Health Benefits of Red Yeast Rice

Medically Reviewed by Kathleen M. Zelman, RD, LD, MPH on March 23, 2023
3 min read

Red yeast rice is a dietary supplement that is produced by fermenting yeast on red rice. Practitioners of Chinese medicine use this herbal supplement to help treat a variety of health concerns. The fermenting process produces chemicals that are similar to those found in common medications used to lower cholesterol

Red yeast rice products can vary by type and chemical composition, so they do not all work similarly. Some are chemically similar to statins, which are medications known to help lower cholesterol. Other strains may contain these chemicals or contain them at lower levels.  

Red yeast rice offers various health benefits for people who take it. Among them include:

Lowers Cholesterol

One of the primary uses for red yeast rice is to lower cholesterol. The chemicals found in red yeast rice lower the amounts of "bad" cholesterol (also known as low-density lipoprotein cholesterol, or LDL) in the body by lowering its production in the liver.

After you eat, LDL cholesterol inside your food gathers with other substances in your body’s blood vessels. If too much collects, it can lead to heart attack or stroke. However, the liver makes LDL cholesterol too.

LDL isn’t all bad, though. It does help your body make cells and hormones. Still, it’s best to keep the amount of LDL cholesterol low to help your overall heart health.

Lowers Stroke Risk

Since red yeast rice helps to lower cholesterol, it can also decrease your chances of having a stroke. Low cholesterol reduces the risk of developing dangerous blood clots, which can break and cause strokes and heart attacks. Red yeast rice can also reduce your risk of other diseases caused by high blood pressure, like chest pain (angina) and heart failure

Improves Blood Circulation

Plaques in blood vessels also clog arteries and reduce circulation. Red yeast rice has been shown to help improve circulation, allowing wounds to heal more quickly and letting your body function at its best. Even those who don’t have plaque buildup in their blood vessels can benefit from better circulation, since the muscles and organs get more oxygen when blood is flowing well. 

While red yeast rice has been shown to be beneficial, there are some potential health risks. Red yeast rice and other herbal supplements are not regulated by the Food and Drug Administration (FDA). Therefore, it can be difficult to figure out which product you are getting, and if your supplement contains a high level of the chemicals that can aid in lowering cholesterol.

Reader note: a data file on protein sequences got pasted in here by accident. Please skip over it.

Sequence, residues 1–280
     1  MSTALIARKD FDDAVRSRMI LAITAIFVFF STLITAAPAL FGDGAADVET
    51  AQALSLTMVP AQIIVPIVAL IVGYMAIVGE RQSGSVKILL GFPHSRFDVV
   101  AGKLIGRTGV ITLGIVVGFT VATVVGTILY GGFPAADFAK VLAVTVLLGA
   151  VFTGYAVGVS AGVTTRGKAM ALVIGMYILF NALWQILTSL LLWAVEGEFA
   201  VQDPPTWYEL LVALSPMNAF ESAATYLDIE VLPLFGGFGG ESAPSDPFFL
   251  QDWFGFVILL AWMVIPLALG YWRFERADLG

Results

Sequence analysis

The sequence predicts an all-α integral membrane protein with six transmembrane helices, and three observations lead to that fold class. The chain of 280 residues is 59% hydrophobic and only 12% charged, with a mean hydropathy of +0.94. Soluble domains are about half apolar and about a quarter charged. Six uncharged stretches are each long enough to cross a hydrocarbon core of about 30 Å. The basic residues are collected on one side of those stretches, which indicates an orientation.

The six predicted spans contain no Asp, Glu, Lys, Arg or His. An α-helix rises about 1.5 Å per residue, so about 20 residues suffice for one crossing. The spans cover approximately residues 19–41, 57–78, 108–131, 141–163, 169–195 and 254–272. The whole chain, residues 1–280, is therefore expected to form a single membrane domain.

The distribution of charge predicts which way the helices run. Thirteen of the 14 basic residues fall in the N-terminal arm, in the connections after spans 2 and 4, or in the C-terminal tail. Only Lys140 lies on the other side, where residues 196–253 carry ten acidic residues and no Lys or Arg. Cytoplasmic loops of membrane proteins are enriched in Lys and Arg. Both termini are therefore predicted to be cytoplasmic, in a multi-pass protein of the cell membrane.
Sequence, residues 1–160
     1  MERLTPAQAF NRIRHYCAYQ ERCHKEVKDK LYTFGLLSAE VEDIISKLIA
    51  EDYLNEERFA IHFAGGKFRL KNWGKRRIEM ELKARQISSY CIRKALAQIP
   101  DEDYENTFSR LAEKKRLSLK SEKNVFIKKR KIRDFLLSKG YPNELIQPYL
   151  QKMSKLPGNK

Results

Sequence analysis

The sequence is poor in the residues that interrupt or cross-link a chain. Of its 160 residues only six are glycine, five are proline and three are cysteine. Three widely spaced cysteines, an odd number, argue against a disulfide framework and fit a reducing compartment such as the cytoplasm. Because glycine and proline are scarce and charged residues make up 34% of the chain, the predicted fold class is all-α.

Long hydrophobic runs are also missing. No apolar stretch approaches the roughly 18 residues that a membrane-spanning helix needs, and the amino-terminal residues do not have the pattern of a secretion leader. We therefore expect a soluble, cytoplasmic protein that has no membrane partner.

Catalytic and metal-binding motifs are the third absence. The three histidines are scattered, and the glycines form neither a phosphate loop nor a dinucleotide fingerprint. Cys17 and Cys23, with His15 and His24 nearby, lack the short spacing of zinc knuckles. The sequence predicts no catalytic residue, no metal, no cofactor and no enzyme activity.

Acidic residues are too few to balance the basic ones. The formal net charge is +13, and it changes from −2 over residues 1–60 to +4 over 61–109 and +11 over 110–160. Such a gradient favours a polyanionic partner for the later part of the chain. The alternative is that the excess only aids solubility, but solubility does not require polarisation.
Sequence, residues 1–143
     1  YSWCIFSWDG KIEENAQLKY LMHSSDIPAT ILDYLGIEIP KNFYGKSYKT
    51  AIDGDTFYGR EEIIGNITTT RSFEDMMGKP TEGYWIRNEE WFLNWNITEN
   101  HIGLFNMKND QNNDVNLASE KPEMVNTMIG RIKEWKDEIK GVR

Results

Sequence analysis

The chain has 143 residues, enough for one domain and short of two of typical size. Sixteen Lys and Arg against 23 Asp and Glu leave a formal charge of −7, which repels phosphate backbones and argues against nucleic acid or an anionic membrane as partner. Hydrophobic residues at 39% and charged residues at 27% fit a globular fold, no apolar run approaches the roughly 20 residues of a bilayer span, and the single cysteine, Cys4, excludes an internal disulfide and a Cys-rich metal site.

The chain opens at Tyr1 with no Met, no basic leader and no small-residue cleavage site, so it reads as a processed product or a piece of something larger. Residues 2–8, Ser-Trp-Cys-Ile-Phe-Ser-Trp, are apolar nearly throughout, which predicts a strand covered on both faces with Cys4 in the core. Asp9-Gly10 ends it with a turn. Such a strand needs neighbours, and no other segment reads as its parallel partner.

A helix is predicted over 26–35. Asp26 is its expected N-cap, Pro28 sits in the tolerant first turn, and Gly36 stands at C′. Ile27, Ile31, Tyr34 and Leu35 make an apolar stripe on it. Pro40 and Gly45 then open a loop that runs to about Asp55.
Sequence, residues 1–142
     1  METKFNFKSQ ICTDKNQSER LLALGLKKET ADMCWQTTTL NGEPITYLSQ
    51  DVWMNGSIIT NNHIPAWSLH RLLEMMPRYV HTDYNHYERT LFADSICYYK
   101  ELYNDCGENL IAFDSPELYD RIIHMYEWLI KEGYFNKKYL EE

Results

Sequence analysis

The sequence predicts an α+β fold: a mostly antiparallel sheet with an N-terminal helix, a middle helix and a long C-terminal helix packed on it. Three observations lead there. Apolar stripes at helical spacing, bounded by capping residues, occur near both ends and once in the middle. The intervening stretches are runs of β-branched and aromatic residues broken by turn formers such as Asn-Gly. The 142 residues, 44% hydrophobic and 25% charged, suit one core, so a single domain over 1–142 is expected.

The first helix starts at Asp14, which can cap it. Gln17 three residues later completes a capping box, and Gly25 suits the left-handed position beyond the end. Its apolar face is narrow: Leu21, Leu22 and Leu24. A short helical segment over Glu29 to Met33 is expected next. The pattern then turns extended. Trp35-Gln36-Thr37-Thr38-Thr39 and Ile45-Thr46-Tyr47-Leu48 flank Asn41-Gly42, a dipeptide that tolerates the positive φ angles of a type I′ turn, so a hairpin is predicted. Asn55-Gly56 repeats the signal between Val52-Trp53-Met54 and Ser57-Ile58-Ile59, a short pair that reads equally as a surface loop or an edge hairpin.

Side Effects

Since red yeast rice is similar in structure to drugs that are commonly used to treat high cholesterol, the supplement can also mimic the side effects. The primary component in red yeast rice is called monacolin K, and it can cause stomach upset, bloating, muscle aches, and weakness.

If you have a condition that makes it dangerous to take traditional cholesterol medication, it’s best to talk to your doctor before taking red yeast rice supplements. 

Unknown Composition

Herbal supplements don’t have regulations or manufacturing protocols, so there is no guarantee that the supplement you are taking has a certain level of the component that helps lower cholesterol. It could have high levels, or it could have close to none. The label usually won’t say whether a particular supplement has monacolin K, and it won’t specify the amount. 

Potential Interactions

If you are taking certain medications, they can interact with red yeast rice. Some medications and other supplements, such as St. John’s Wort (used to treat depression), may not work as well if you’re taking red yeast rice. Others can increase the likelihood of side effects with either the red yeast rice or the drug with which it is reacting. Ask your doctor before starting the supplement, especially if you have liver or kidney disease

As with other supplements, the typical daily dosage is high. Studies have evaluated the benefits of 600 milligrams taken two to four times a day for a total of 1,200 to 2,400 milligrams. Since there is no way of knowing how much of the beneficial chemical compounds are found in your supplement, it’s best to start off with a smaller dose and then have your cholesterol checked to see if it’s working. 

Show Sources


American Heart Association: “Health Threats From High Blood Pressure.”

American Heart Association: “What is Cholesterol?”

Cleveland Clinic: “Cholesterol Guidelines & Heart Health.”

Evidence-Based Complementary and Alternative Medicine: "Mediterranean Diet and Red Yeast Rice Supplementation for the Management of Hyperlipidemia in Statin-Intolerant Patients with or without Type 2 Diabetes."
Mayo Clinic: "High cholesterol."

Mayo Clinic: “Red yeast rice.”

Mayo Clinic: “Statins: are these cholesterol-lowering drugs right for you?”

Mount Sinai: "Red yeast rice."

National Center for Complementary and Integrative Health: "Red Yeast Rice."

RWJBarnabas Health: "The Dangers of Poor Circulation."

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